From Flagstaff, we drove to Las Vegas for a brief stop to visit friends. Jill Chambers is a retired Army colonel, and her husband Michael Peterson,a Grammy-winning country singer, had us over for dinner, and of course Michael treated us to a private concert!













We also got together for dinner with Jerry and Karen Facciani at two fabulous restaurants, Lotus of Siam and Table 34. The former is one of the 10 best Thai restaurants in the US, and the latter has great New American cuisine. We are always impressed by Jerry and Karen's choices of dining opportunities (and of course his impeccable taste in wine!).



Our travels next took us to Zion National Park, one of the most stunning places on the planet, and one of my favorites. This photo was taken on the drive to Zion; we are still miles from the National Park, where semis aren't allowed!














About 75% of the visitors staying in our campground were from overseas, bearing witness to the awesome scenery here in southern Utah.















This was moonrise over the escarpment near our campground...
















During our visit, we got out for a couple of hikes - the Hidden Canyon trail had a couple of areas with significant "exposure" - this means that if you're looking at your smart phone instead of the trail, you might fall a hundred feet or more, usually to very hard rocks far below... this is NOT the place to take a "close to the edge selfie".












In another section, park rangers had rigged steel chains to hold onto as you make your way over a very narrow trail; after awhile it got to be unremarkable... well, almost. Some hikers were acting frivolously...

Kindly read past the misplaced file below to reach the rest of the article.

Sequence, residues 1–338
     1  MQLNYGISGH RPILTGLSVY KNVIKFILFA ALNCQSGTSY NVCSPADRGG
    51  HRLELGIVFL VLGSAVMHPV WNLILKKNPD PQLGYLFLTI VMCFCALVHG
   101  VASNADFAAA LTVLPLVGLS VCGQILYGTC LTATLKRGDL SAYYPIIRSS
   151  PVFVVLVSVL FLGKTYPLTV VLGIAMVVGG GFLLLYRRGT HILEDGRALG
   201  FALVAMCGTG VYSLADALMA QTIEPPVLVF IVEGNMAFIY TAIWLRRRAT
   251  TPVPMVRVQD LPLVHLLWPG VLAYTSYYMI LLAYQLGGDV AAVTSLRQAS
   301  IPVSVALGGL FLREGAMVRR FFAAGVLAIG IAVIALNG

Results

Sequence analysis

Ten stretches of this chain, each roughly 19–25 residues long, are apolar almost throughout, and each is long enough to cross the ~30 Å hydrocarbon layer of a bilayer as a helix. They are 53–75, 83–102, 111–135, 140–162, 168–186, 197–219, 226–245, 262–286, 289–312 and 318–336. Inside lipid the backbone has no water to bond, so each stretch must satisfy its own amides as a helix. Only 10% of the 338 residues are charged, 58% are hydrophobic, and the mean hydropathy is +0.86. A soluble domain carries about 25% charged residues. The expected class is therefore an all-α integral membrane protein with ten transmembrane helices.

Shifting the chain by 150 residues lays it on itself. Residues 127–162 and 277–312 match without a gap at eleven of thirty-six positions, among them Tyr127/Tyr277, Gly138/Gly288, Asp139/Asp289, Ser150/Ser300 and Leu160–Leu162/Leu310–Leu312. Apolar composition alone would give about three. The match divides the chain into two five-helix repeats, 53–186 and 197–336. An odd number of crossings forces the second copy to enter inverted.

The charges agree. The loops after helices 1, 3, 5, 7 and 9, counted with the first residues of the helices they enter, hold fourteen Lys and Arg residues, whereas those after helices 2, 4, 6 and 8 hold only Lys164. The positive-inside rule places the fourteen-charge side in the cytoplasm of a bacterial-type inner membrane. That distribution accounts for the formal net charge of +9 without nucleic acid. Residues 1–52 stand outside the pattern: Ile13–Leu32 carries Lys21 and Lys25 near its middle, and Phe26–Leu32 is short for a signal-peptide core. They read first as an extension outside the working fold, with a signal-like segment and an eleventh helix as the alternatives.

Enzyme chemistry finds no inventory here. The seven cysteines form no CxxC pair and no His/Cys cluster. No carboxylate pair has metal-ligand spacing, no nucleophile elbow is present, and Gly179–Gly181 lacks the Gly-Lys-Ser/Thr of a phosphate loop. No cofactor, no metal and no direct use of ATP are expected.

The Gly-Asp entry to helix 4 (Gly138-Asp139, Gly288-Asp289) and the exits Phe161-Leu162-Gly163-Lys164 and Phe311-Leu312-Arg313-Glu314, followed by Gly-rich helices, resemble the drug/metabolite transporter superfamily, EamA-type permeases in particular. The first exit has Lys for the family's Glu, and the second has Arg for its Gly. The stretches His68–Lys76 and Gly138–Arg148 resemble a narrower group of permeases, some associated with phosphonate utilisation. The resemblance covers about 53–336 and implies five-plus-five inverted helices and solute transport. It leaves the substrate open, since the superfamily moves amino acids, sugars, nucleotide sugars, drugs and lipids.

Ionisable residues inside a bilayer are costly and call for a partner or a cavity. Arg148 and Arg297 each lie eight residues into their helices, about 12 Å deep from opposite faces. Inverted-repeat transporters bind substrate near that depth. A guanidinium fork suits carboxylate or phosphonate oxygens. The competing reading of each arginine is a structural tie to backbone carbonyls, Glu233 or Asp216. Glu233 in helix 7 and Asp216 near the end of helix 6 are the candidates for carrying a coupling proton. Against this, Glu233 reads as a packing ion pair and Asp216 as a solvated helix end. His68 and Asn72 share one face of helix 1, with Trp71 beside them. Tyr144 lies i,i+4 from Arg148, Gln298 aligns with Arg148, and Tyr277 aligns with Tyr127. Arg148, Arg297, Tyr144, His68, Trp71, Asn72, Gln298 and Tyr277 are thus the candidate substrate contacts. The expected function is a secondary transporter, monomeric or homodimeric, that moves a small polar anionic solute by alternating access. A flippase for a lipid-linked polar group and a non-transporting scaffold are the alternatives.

... while others were more focused on the trail, rather than skylarking! By the way, did you know that "skylarking" is a nautical term, meaning to play or frolic about the masts and rigging of a sailing ship? The skysails were the topmost sails on a square rigged ship, and youngsters would run up the rigging and slide down on backstays from the tops of the masts to the deck far below. (Your Faithful Correspondent has judged that he a bit old for skylarking, at least here...)

















We were also able to do a bike ride up the Virgin River canyon close to sunset, when there was almost no one around. Private cars are verboten, unless you are staying at the park lodge way up the canyon. The ride upstream (AKA "uphill") was a tad slower than the exhilarating 25-30 mph ride downhill. 













Zion is also known for many "slot canyons", which are very narrow canyons formed by rushing water. They are usually much deeper than they are wide. You would not want to be here during a flash flood, which can occur even on sunny days, if the water source is many miles away where a thunderstorm might be dropping several inches of water. The water piles up in the slot and can hit with incredible force and speed. Nine hikers died in 2017 in a slot canyon flash flood in the Tonto National Forest in northern Arizona. Eleven hikers were killed in 1997 in Lower Antelope Canyon when a 40 foot high wall of water hit them.












Road trips out west can leave a motor home pretty dirty and dusty. Campgrounds don't allow car washing, much less coach washes, so we took advantage of a Blue Beacon truck and RV wash facility. This of course is the semi in front of us; the six kids working there did a decent job, but minus the detailed waxing I would do myself. (But then it only took them 15 minutes to my 3 hours...)












Next stop: Provo, Utah. Suzanne flew out from nearby Salt Lake City to Manchester, United Kingdom, to meet with her colleague, Mavis Pittilla, in preparation for her next book, Mavis' biography. While Suzanne was packing, Rudy recognized that she was leaving, and decided that he was going along with her... "Sorry, Rudy, you can't go to England; they have a six month quarantine!"